7 tips to avoid contribution problems

31 Aug 2021

Lyn Formica

Head of SMSF Technical & Education Services

Australia’s retirement income system includes significant tax concessions for superannuation. However, the rules are complex and too often I see contribution strategies unravel with additional taxes payable. Here’s my top 7 tips to avoid contribution problems.

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 Tip 1 - Check eligibility before tax 

One of the fundamental rules I always emphasise when working with those new to super is to check eligibility to contribute before exploring the tax concessions which might be available. A contribution strategy purporting to save a say 68 year old client thousands in tax will come to naught if they don’t meet a work test and aren’t eligible to contribute to super. 

Tip 2 - Make sure the people you think are employees actually are 

Employers can only claim tax deductions for super contributions for employees. This means an individual needs to either be an employee for common law purposes or a deemed employee under the superannuation guarantee rules. 

Problem areas I commonly see include:

  • non-executive directors who aren’t entitled to payment under the company’s constitution,
  • trust deeds which don’t allow for the individual trustees or directors of the corporate trustee to be employed by the trust, and;
  • individual trustees or directors of a corporate trustee who aren’t engaged in producing the income of the trust or its business.

 Tip 3 - Be alert for things which might not look like contributions but are 

We are all familiar with clients making super contributions by transferring monies into the fund’s bank account, or if you’ve been around long enough, giving the fund trustee an old-fashioned cheque. Some of us will also have seen clients transfer assets into the fund’s name as an in specie contribution.  

However, there are a number of other transactions which may also be considered contributions. For example, where a fund’s expenses are paid by the members or other entities and not reimbursed by the fund (even if they aren’t recorded in the fund’s accounts as a contribution).

 Tip 4 - Be careful with timing 

All too often I see clients inadvertently exceed a contribution cap or not get the tax deduction they thought they would because contributions are made in the wrong year. Contributions aren’t eligible to be claimed as a tax deduction until they are “received” by the fund. In the case of electronic fund transfers or contributions via a clearing house, this is generally not until the money is credited to the fund’s bank account which can be many days after the monies left the contributor’s account. The ATO has however provided some concessions here where contributions are made via the Small Business Super Clearing House (refer to our earlier blog).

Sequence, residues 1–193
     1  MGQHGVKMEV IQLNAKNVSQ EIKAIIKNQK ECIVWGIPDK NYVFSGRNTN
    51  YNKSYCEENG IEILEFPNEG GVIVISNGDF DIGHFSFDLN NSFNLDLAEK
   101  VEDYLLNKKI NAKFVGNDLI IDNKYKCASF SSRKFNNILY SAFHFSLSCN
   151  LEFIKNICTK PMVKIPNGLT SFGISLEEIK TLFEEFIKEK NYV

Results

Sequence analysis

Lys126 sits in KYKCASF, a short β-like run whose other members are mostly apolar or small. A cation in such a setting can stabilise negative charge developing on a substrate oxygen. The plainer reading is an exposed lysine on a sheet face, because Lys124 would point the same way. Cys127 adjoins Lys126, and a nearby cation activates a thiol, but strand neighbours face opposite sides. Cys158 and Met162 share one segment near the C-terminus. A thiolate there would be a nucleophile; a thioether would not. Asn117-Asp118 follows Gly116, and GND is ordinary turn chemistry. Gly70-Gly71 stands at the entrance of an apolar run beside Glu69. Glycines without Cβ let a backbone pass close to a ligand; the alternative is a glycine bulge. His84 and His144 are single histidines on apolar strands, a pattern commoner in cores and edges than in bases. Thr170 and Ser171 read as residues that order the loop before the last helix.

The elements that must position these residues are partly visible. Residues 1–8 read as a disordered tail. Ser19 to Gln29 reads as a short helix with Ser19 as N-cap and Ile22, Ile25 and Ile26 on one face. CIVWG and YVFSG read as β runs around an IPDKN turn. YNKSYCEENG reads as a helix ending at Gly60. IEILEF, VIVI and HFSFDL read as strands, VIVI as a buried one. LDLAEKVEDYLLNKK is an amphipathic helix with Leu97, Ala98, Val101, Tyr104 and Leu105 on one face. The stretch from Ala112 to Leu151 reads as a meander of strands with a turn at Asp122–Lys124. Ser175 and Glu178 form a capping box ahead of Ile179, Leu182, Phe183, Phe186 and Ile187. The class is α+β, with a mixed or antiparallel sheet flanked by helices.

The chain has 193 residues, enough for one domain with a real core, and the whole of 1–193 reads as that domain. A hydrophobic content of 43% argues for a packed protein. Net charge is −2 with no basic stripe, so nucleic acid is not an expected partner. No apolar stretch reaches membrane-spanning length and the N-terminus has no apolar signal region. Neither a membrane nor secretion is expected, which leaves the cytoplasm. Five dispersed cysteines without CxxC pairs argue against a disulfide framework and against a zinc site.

The issue is further complicated for SMSFs because a contribution doesn’t count for cap purpose until the contribution is both received and allocated to the member’s account.   

Tip 5 - Don’t assume non-deductible contributions will always be non-concessional contributions 

Whether a contribution is regarded as a concessional or non-concessional contribution for cap purposes depends on whether or not the contribution is included in the fund’s assessable income. By default, contributions made by someone other than the member (eg the member’s family trust) (but excluding spouse contributions) will be included in the fund’s assessable income and counted towards the concessional contributions cap even if they are not tax deductible to the entity that made the contribution. Clients looking to achieve a different result would be wise to seek specialist advice. 

Tip 6 - Watch total super balances 

Since 1 July 2017, a number of super measures are dependent on the member’s total super balance (TSB) at the previous 30 June (eg their non-concessional contributions cap, their eligibility to use carried forward concessional contributions cap space). The ATO has previously recognised that this value will not necessarily be the same as the amount shown in an SMSF’s annual financial statements. Rather, there are a number of costs that could reasonably be taken into account for the specific purpose of determining an appropriate TSB value. For example, the costs of disposing of fund assets and the tax on any unrealised capital gains. 

If it appears likely a client will exceed a relevant TSB threshold by a small amount, it may be worth reviewing their TSB calculation and reporting a revised amount in the SMSF Annual Return at the special labels X1 and X2. Ideally these adjustments are made prior to lodgement of the SMSF Annual Return rather than after an excess contributions determination has issued. 

Tip 7 - Double-check member allocations before lodging returns 

One of the other scenarios in which I am often called on for a second opinion is where a client has received an excess contributions determination and they now want their tax agent to change the allocation of that year’s contributions amongst the members. This can cause quite an ethical dilemma where the information on the tax agent’s files does not support an error in the member allocations but rather a moment of regret on the client’s behalf. 


I’ll be exploring the ways in which some of these contribution errors can be fixed in Session 5B “When things go wrong” at our upcoming Heffron Super Intensive day – register here.